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ZIRP is dead. Here’s what follows the ultra-low rates era.

Global bond markets have clawed back some of the wrenching losses of recent weeks, but yields remain far above levels seen over much of the post-global financial crisis period. This shift upwards reflects a painful adjustment from the zero interest-rate policy (ZIRP) that central bankers came to rely on after that crisis. 

But questions linger about whether the era of ultra-low rates is really over and, if ZIRP really is dead, how high will rates finally settle once this post-pandemic inflationary burst subsides?

It’s a debate that often invites accusations of needless wonkery. But this isn’t just a distraction of economists sitting in ivory towers. The level at which rates will ultimately settle will have direct implications across the full spectrum of asset prices and uncertainty about that level has been a key factor behind the recent sell-off in the bond market. It is an issue that we will tackle in a major report to be published tomorrow. 

At its core sits the question of what has happened to equilibrium real interest rates, or R*. This is the (real) interest rate that balances planned investment and desired saving in an economy at full employment. 

The three decades prior to the pandemic were characterised by a marked decline in R*. According to estimates by the New York Fed, equilibrium real interest rates in advanced economies averaged around 3% in the 1990s. But several structural forces, including a slowdown in potential economic growth and a large cohort of workers saving for retirement, started to bear down on real rates throughout the 2000s. And the process of balance sheet repair that followed the global financial crisis then put further downward pressure on R* in the 2010s, leaving it at just over 0.5% on the eve of the pandemic. (See Chart 1.)

Chart 1: R* in Advanced Economies
(%, Average of US, Canada, and Euro-zone)

Sources: Holston, Laubach, and Williams (2017). OECD

What’s more, since the past three decades also saw a steep fall in inflation, equilibrium nominal interest fell by even more than real rates. As nominal rates hit the zero lower bound, central banks were forced to turn to quantitative easing in order to provide additional monetary support in the wake of the GFC. 

The challenge for central banks today is radically different from the 2010s. Rather than trying to provide additional support for demand against the backdrop of persistent deflationary risks and the threat of a liquidity trap, they are facing excess demand, strong labour markets and resurgent inflation. Calibrating the policy response requires understanding whether and by how much equilibrium interest rates have moved. Our report makes two important points. The first is that while R* is a useful analytical concept, estimating it is more of an art than a science. The second is that, measurement challenges notwithstanding, there are good reasons to think it has risen over the past few years. 

For one thing, many of the forces that suppressed R* in the 2010s have faded. Most obviously, the process of deleveraging and balance sheet repair that followed the GFC has run its course. As a result, we think that R* in the US is now around 1.0% or so – meaning that if inflation falls back to 2-3% over the next year, as we expect, the real stance of monetary policy will become significantly restrictive at the current level of interest rates. The same is true of the UK and euro-zone.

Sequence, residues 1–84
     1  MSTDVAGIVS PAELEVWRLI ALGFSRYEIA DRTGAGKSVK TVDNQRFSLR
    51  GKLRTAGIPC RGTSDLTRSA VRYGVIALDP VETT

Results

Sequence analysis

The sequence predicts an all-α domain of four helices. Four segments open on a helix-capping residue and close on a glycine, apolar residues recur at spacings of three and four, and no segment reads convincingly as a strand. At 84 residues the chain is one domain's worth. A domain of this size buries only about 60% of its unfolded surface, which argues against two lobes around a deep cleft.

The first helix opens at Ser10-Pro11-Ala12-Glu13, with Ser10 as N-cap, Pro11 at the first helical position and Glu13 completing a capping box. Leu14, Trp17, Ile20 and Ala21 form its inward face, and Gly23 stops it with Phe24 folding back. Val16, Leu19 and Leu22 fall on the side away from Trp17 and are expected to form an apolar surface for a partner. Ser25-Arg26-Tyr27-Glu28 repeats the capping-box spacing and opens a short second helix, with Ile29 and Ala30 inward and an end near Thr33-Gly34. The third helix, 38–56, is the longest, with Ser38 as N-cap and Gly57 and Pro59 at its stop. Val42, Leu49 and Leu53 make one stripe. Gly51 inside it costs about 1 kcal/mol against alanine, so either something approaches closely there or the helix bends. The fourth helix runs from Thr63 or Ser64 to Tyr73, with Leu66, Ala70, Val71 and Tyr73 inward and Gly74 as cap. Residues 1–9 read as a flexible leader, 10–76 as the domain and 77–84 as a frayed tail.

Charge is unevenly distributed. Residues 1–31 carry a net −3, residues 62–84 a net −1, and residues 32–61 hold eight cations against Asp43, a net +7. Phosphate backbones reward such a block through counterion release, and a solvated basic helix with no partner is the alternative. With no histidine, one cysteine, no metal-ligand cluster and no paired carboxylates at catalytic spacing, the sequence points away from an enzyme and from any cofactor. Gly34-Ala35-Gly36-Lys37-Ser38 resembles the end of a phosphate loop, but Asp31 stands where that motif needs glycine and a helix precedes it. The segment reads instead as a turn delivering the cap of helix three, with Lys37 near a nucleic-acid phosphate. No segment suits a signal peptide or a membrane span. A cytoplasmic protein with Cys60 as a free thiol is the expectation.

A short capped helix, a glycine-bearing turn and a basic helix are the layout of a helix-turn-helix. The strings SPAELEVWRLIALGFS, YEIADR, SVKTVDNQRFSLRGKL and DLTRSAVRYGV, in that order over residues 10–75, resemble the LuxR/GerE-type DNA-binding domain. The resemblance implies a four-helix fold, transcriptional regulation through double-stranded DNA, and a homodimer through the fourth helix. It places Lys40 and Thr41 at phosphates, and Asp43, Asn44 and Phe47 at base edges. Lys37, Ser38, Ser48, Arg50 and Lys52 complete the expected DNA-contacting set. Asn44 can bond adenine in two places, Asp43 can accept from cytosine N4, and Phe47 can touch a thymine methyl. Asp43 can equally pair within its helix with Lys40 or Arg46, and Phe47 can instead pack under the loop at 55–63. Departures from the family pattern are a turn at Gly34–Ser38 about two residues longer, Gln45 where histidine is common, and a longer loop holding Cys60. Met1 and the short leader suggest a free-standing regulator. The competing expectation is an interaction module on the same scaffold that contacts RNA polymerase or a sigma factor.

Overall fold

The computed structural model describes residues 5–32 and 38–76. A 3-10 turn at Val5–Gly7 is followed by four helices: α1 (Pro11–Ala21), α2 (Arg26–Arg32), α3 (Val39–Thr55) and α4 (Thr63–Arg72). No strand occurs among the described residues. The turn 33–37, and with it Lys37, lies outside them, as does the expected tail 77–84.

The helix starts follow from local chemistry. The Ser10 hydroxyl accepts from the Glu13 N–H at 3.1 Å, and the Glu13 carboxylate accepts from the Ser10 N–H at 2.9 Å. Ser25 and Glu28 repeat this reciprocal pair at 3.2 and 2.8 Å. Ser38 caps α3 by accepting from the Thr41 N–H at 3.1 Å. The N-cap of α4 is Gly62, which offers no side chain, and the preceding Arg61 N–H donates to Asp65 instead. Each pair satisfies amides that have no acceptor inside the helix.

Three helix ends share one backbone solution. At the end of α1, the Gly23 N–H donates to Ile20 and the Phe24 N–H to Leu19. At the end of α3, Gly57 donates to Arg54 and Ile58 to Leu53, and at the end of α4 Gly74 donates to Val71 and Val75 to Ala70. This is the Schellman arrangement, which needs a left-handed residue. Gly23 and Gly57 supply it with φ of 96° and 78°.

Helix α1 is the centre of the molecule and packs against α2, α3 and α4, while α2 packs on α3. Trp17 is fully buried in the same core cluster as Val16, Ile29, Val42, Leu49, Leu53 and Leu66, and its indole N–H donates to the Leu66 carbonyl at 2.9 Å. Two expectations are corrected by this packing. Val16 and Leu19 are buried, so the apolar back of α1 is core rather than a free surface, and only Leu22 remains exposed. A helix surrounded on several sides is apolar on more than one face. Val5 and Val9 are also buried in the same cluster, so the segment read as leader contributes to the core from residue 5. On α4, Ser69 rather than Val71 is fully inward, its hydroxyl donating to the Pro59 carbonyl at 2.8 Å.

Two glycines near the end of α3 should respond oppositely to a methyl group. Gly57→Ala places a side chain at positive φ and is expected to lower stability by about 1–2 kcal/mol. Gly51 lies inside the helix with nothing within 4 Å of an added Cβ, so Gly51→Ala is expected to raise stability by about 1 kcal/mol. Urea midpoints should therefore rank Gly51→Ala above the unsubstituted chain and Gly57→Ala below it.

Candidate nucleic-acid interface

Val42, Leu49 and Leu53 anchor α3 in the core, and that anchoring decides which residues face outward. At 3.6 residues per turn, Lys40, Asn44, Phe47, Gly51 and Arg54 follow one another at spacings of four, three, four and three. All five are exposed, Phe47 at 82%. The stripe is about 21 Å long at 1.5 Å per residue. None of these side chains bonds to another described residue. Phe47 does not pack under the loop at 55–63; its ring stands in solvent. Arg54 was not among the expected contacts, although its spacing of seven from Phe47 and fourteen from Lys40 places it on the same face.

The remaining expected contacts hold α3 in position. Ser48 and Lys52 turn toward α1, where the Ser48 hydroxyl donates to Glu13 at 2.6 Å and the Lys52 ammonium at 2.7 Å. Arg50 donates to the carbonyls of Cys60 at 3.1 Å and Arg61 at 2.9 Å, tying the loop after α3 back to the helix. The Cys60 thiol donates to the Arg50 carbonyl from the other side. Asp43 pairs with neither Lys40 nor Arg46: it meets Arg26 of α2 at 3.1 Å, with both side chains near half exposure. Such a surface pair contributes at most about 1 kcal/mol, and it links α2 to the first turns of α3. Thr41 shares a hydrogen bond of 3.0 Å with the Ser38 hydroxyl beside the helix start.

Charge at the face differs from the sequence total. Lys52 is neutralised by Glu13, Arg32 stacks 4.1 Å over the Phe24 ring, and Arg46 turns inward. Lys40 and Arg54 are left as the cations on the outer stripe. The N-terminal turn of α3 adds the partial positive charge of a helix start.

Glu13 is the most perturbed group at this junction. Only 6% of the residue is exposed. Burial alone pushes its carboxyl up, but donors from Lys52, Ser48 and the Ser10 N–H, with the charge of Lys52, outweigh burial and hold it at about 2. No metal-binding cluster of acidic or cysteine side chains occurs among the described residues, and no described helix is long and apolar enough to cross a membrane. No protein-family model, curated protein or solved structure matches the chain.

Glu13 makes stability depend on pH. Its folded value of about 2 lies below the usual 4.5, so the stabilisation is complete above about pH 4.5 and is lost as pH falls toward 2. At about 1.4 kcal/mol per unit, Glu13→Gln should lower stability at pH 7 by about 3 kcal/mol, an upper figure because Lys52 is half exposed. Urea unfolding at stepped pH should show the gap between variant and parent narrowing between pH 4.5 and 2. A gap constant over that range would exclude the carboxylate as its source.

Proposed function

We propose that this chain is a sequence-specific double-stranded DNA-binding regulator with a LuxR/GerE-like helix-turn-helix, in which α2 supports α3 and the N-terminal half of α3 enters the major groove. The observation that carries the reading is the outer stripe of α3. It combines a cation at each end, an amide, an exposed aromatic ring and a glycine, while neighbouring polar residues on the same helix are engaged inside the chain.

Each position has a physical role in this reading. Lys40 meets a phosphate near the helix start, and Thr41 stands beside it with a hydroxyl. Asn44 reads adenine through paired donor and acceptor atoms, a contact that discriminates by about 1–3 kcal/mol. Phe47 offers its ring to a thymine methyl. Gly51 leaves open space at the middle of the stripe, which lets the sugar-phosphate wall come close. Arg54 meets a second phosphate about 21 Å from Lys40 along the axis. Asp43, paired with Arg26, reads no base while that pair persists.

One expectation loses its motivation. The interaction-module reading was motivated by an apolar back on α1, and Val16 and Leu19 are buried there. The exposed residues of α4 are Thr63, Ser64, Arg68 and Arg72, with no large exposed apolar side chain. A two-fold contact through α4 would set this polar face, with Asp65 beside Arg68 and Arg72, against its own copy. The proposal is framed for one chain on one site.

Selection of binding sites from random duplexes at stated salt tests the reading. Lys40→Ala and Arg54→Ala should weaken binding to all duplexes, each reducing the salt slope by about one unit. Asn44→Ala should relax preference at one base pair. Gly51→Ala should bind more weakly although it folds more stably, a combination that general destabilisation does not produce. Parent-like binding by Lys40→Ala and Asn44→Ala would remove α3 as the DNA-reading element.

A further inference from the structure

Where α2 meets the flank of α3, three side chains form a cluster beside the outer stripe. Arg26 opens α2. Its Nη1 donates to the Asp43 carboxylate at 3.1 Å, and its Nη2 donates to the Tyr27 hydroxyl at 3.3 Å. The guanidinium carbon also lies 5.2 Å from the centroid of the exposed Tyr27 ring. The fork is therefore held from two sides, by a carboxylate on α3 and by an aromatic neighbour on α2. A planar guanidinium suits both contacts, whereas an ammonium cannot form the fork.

More importantly, we think that R* will rise further over the coming years. This is partly because potential GDP growth will be boosted by a pick-up in productivity growth as developments in artificial intelligence (AI) bear fruit. On top of this, several factors will also tip the balance of desired savings and investment in favour of higher interest rates. Demographic trends will reduce desired savings as more people retire, and opportunities in AI and the green transition will offer incentives to invest. What’s more, the pandemic seems to have triggered a permanent rise in government borrowing which will absorb more private savings. All of this will cause R* to increase over time. We think it will rise to 1.5-2.0% in the US by the end of this decade and to 1.0-1.5% in the UK and euro-zone. (See Chart 2.)

Chart 2: Real Equilibrium Interest Rates (%)

Sources: Capital Economics, OECD, Holston, Laubach, and Williams

As for inflation, we think that the days of persistent undershoots relative to central bank targets are behind us. Some of the post-pandemic increase in workers’ bargaining power will be sustained and with US-China fracturing and climate change adding to the pressure, overshoots of 2% targets will become more common over the coming decade. 

All of this adds up to a significant increase in equilibrium real and nominal interest rates compared to the rock bottom levels that prevailed during the 2010s. That’s not to say that the sell-off in global bonds has not gone too far — as I argued last week, there are good reasons to think yields will begin to edge down over the next three to six months. But they will do so within the context of a structurally higher environment for interest rates. 

As tomorrow’s report will argue, investors everywhere need to plan for a period in which interest rates are significantly higher than they have become accustomed to. And, as we will make clear, that has big implications for bond yields and asset valuations everywhere. 

‘R* and the end of the ultra-low rates era’ will be made available to CE Advance clients and to subscribers to our Global Economics, Global Markets and Long Run coverage on Tuesday, 17th October. Get in touch if you’d like to learn more about our analysis of R*.

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